Hand typed letters carry a special significance in the digital age. They are created in a media that takes time and patience. They may take on an extra earnestness or import, simply by their rarity and by being created by hand. Because of this they are an ideal platform for letters of letting go. You may want to forgive someone of a perceived transgression. You may want to ask for forgiveness or pardon from someone else.
The question is,
“Who or what needs to be let go of to move forward?” Additionally, “What does it look like or feel like in the present moment and how will it look or feel in the future?”
The Type Bar Practice: A ‘Speaker’ participant dictates a letter to a ‘Typist’ participant. This practice allows the Speaker to reflect as s/he composes a letter out loud. The Typist explores their listening and creative skills by helping draft, clarify, and hand type the letter.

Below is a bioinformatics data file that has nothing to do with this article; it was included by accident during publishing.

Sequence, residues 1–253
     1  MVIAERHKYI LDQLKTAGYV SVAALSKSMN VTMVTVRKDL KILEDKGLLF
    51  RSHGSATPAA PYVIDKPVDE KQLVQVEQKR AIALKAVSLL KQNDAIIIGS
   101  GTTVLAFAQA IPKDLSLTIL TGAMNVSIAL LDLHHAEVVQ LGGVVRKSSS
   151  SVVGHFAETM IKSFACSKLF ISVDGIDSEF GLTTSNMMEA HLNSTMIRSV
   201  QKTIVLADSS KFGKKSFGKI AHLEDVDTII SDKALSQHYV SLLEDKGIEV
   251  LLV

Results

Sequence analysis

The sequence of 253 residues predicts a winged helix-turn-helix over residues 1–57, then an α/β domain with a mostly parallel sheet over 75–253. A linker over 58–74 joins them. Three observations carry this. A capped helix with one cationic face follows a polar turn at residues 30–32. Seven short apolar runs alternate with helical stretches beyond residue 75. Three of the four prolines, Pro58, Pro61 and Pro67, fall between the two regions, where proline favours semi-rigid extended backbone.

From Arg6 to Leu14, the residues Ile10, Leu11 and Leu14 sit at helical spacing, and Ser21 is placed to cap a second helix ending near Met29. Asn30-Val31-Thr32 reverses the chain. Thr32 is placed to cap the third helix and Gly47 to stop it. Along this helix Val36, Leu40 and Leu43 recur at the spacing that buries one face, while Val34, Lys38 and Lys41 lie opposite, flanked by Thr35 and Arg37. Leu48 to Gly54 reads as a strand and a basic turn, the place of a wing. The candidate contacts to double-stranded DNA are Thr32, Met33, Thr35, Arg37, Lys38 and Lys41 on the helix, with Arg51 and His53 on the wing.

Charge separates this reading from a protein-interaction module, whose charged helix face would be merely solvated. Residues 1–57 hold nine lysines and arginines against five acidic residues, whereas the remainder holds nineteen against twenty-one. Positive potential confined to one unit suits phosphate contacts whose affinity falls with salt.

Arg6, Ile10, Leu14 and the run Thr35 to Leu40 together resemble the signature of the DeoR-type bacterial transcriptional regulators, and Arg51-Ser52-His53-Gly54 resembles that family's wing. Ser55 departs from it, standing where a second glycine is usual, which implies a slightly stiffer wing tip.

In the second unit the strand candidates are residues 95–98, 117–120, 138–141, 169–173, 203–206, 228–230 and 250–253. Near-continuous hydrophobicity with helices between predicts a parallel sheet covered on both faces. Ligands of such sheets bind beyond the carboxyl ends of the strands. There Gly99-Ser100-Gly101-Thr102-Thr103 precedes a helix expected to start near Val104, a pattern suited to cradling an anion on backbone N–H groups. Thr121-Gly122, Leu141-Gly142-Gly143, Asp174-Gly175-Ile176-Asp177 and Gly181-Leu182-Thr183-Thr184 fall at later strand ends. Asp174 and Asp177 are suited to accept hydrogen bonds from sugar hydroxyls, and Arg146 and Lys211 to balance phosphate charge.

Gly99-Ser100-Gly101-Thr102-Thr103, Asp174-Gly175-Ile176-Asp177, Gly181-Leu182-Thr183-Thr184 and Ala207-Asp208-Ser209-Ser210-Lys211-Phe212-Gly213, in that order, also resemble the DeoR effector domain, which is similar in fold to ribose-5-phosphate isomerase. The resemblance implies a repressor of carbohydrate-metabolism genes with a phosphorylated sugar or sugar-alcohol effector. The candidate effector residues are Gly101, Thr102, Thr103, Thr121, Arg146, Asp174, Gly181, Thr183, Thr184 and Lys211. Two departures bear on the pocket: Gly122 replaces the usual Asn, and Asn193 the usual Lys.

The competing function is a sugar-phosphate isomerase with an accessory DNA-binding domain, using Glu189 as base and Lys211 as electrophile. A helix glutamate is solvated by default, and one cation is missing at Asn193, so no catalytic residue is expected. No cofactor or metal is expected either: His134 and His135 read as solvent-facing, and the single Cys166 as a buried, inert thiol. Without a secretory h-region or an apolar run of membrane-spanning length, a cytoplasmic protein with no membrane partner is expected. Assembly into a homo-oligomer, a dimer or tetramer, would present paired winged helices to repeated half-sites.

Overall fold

The Solo Practice: The participant types the letter themselves. This can be useful for deeply personal letters of for when you want to explore type art on the page.
Start by picking a person or issue you wish to address with your letter.
Next decide if you are writing this letter to be sent to a recipient or to be saved as a document for your own benefit.
Use the letter format to craft a short story about the events leading up to your point of tension or incident. Be descriptive and recall details of the people, places and actions involved. If you are dictating a letter to a typist, it can be useful to let the typist ask clarifying questions.
Come to a conclusion about specifically what you wish to let go of or forgive. Be specific. Be definite.
You may wish to combine a letter of letting go with other type art.